Category Archives: Geek - Page 2

ISP fined $32 million for helping sell illegal fake goods

In this article, it’s reported that Louis Vuitton – a fashion designer – has sued and won $32 million US from an ISP, Akanoc Solutions Inc, which hosted a customer who was selling forged Louis Vuitton products.

This has caused uproar in the ISP community as at first glance it appears as though the ISP in question is being held responsable for the acts of it’s customers, but really they are simply being held responsable for refusing to act against a customer who was involved in an illegal practice.

The court documents detail how Louis Vuitton notified the ISP no less than 15 times – giving them ample opportunity and evidence to terminate the customer. Instead the ISP allowed that customer to juggles his sites around on different domain names and IP addresses and continue to sell the fake goods. The ISP was found guilty because they were complacent in allowing a customer to use their service to break the law. They tried to claim safe harbour under the DMCA act, however here we are exactly 2 years after the initial filing and the websites listed in the initial claim are still operating in Akanoc IP space.

It’s a tricky line for ISPs to cross. In my day to day work, I receive notices of copyright infringement from the MPAA/RIAA every week – but how are we supposed to act? We do not have the technology to actively monitor accused customers as the equipment required ranges into the tens of thousands to the hundreds of thousands of dollars. The MPAA/RIAA provide scant evidence – evidence which has been shown in the past to be very, very incorrect at times. We do what we can under UK law, notify the customer that we have received an infringement notice and notify the MPAA/RIAA that the customer has been warned.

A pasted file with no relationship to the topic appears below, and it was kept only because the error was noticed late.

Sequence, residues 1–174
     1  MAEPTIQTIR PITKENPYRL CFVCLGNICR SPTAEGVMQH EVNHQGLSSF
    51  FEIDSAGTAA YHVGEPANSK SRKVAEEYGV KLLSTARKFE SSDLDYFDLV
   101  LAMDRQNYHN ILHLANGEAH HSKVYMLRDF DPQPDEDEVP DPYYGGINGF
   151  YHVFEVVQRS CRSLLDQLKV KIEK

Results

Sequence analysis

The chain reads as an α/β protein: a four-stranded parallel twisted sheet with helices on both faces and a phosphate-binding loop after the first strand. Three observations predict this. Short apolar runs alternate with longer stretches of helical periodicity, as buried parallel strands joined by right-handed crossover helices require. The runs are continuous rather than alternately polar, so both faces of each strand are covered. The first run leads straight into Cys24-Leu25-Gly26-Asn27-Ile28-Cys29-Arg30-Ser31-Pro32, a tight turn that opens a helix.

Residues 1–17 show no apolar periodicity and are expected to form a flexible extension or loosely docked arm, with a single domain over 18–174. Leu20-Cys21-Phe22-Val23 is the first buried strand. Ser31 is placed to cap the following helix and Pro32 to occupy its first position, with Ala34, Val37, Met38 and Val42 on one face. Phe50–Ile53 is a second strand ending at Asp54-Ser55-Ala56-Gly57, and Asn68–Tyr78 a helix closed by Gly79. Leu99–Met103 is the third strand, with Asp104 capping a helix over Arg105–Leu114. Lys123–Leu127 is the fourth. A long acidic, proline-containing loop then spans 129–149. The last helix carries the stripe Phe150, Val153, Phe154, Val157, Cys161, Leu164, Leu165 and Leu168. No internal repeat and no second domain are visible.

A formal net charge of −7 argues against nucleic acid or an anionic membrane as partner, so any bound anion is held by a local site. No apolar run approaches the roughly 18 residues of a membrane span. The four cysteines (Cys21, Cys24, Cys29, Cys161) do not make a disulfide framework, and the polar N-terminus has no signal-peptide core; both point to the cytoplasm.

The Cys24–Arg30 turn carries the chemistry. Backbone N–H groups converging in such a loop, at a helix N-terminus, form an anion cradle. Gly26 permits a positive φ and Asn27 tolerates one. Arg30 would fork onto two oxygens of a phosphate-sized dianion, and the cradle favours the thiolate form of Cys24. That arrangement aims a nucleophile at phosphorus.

The UK government wants to make deep packet inspection boxes mandatory for all ISPs, without regard to the cost  (which will cripple any medium-to-small service provider, if not put them out of business) and on top of that they appear to think that these boxes can log everything and anything regardless of software or encryption – there isn’t a DPI box yet which can monitor Second Life traffic… but that’s what the UK government is expecting ISPs to do.

However, this is missing a key point in this case in California: The ISP in question was provided with verifiable evidence that thier customer was selling fake, knockoff and illegal goods – and they declined to act on it (and in fact are still declining to act upon it to this day). Other ISPs spend a great deal of time and money ensuring that they are reacting to spam issues and hacked servers being used to host fake paypal logins. Akanoc Solutions Inc. took an active decision in deciding to not enforce their rights to terminate an obviously fraudulent customer and allowed them to continue in their business. They deserve everything they got.

Ghetto Antenna

Possibly the most ghetto thing I’ve ever built: The Ghetto Wireless Antenna.

Ghetto Antenna

Don’t worry, it’s only temporary. It’s a twist tie with an end stripped off, folded over and shoved into the N-type antenna connector. Suprisingly it gives quite good reception, increasing the signal strength to nearby laptops by about 20db.

Postfix Mail Queue statistics via SNMP

This post documents a small shell script designed to provide basic mail queue statistics via SNMP for Postfix.



The code can be downloaded here.

To install, place the script anywhere in your system and edit it to provide the correct path to the “qshape” perl script that comes with Postfix.

Note: Under openSUSE is part of the postfix-docs package and is not installed by default.

To configure net-snmp, edit your snmpd.conf line and add a line as follows:

pass [oid-of-choice] /bin/ [oid-of-choice]

For example, due to a quirk in a paticular SNMP monitoring package I use, I had to use an OID belonging to Motorola:

pass . /bin/ .